The important issues in this case deal with the question of discrimination against Mexican-Americans, the de jure (state action) character of that discrimination, and the appropriate remedy. It is up to the majority of the Court to tell the litigants and the trial judge what the opinion means with respect to the specific issues the Court was asked to decide. A denial of the motion for clarification just may be construed as evidence that the majority of the court did not know or could not articulate the reasons for their so-called "remedy".


When the litigants and the trial judge are unable to understand what the Court of Appeals is trying to say in remanding a case, it is an egregious error to deny a motion for clarification. It is a reflection on the judicial process. It is a reflection on a Court that in the past has not shirked its responsibilities.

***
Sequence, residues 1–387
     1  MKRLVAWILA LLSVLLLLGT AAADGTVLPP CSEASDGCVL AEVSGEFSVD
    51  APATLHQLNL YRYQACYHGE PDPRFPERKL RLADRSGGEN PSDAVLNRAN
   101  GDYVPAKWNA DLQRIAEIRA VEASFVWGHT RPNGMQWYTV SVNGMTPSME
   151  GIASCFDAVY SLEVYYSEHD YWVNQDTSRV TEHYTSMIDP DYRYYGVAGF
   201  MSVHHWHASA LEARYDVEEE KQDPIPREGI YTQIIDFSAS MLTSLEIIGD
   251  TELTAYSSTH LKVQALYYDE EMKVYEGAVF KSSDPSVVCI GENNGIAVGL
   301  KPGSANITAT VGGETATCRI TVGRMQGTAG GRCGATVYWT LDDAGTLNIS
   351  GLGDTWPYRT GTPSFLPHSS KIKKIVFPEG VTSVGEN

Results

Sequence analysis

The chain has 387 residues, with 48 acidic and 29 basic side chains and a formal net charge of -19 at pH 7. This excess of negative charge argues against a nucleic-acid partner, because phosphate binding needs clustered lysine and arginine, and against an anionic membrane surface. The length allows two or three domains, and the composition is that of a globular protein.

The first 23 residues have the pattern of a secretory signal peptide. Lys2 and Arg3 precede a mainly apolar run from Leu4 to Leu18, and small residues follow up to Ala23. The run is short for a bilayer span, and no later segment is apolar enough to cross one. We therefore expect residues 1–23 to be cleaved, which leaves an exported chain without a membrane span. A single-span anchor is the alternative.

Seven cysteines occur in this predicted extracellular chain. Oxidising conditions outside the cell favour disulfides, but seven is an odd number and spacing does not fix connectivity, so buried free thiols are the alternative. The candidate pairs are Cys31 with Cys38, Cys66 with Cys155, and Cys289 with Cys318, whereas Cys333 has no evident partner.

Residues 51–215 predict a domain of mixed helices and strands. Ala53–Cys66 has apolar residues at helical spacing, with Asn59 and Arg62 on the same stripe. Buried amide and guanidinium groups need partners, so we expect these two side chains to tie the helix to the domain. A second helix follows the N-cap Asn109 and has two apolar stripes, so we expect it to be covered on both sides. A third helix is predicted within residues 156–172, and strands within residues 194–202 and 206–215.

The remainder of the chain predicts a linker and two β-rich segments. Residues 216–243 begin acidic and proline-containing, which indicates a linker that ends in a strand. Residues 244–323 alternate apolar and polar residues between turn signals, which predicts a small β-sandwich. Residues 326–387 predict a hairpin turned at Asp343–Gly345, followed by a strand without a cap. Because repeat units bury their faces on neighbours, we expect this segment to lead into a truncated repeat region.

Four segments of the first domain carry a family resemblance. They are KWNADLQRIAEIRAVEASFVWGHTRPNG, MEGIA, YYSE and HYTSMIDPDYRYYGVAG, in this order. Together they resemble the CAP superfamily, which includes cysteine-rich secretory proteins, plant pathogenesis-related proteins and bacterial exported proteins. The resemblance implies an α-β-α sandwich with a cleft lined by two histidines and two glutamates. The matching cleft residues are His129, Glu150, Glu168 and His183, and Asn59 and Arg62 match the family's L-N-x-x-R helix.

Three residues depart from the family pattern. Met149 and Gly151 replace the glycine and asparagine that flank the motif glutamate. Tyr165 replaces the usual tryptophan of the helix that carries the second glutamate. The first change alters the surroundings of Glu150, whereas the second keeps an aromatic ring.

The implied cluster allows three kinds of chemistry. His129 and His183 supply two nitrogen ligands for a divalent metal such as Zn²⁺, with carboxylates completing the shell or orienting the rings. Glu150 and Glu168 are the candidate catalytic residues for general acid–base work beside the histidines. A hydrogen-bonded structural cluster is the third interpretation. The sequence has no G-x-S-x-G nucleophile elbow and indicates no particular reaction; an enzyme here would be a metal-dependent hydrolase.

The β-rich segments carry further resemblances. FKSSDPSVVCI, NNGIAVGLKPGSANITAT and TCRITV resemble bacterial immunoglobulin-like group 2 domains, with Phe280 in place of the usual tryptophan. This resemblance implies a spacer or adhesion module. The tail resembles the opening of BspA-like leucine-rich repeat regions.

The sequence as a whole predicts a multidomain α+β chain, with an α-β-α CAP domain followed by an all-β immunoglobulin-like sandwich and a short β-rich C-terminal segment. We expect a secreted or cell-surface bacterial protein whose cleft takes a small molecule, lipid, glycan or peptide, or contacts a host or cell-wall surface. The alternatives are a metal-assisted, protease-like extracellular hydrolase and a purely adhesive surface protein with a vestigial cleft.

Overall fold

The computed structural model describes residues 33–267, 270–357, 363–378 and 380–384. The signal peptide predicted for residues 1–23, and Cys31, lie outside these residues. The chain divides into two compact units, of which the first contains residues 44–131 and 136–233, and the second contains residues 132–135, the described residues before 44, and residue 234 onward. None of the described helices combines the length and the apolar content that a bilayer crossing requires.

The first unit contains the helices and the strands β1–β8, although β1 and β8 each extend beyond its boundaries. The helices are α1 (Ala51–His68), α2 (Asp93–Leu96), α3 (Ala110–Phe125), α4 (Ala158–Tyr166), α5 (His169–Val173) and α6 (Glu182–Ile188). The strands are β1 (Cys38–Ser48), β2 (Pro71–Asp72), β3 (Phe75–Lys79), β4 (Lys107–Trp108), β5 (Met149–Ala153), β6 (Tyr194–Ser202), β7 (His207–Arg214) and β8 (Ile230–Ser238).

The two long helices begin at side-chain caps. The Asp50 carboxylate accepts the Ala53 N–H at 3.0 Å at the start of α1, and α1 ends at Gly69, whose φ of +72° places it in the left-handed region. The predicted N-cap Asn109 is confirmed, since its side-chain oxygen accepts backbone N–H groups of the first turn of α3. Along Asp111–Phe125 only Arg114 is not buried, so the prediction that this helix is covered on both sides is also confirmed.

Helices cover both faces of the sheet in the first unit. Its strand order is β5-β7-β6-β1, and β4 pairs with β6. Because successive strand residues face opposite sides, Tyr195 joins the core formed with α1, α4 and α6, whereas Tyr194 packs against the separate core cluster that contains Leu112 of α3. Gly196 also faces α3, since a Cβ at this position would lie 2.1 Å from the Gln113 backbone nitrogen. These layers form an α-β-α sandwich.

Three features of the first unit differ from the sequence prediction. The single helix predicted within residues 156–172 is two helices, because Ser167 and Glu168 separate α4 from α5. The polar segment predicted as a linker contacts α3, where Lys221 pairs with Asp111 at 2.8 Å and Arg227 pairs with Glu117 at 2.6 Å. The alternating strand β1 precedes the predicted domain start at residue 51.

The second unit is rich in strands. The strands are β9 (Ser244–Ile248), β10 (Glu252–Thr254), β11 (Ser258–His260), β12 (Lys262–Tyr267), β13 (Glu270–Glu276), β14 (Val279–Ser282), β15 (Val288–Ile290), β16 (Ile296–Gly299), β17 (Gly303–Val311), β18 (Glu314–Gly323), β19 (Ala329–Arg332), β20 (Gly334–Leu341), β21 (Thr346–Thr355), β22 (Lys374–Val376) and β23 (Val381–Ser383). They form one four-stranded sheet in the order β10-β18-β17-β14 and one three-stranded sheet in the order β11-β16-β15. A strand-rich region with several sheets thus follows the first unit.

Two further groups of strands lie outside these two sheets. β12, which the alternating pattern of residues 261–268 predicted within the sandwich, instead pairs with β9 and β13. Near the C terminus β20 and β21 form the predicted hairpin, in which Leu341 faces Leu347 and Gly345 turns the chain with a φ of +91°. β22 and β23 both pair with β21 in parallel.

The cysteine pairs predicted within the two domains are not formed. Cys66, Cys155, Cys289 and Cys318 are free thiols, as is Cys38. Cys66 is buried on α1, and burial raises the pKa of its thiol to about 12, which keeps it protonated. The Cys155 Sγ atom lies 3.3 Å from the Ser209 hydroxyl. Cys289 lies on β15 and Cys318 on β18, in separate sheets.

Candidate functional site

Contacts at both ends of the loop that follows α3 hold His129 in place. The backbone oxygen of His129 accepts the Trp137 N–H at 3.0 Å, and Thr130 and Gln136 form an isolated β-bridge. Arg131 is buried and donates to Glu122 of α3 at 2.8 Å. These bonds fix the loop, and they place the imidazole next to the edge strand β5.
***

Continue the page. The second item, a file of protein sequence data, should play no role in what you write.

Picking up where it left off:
In particular, are Mexican-Americans who are discriminated against in schools to be placed on a lower level than black students who are discriminated against in schools? Are they to have more difficulties interposed in proving their case and in a court's devising appropriate remedies than are interposed with respect to black Americans? When there is discriminatory state action in school systems in fact but not by express statute, are we under one constitution for the South and another for the rest of the country?


This is not a case to be decided from the bench or under our Rule 21. In a matter of this importance a court's explanation of its reasons is an indispensable element in decision-making. A reasoned opinion responsive to the issues is an essential safeguard against misuse of judicial power. The majority's refusal to say what it means in this case undermines judicial process in this circuit in an important area of the law.


Judge Thornberry did not participate in the en banc decision in this case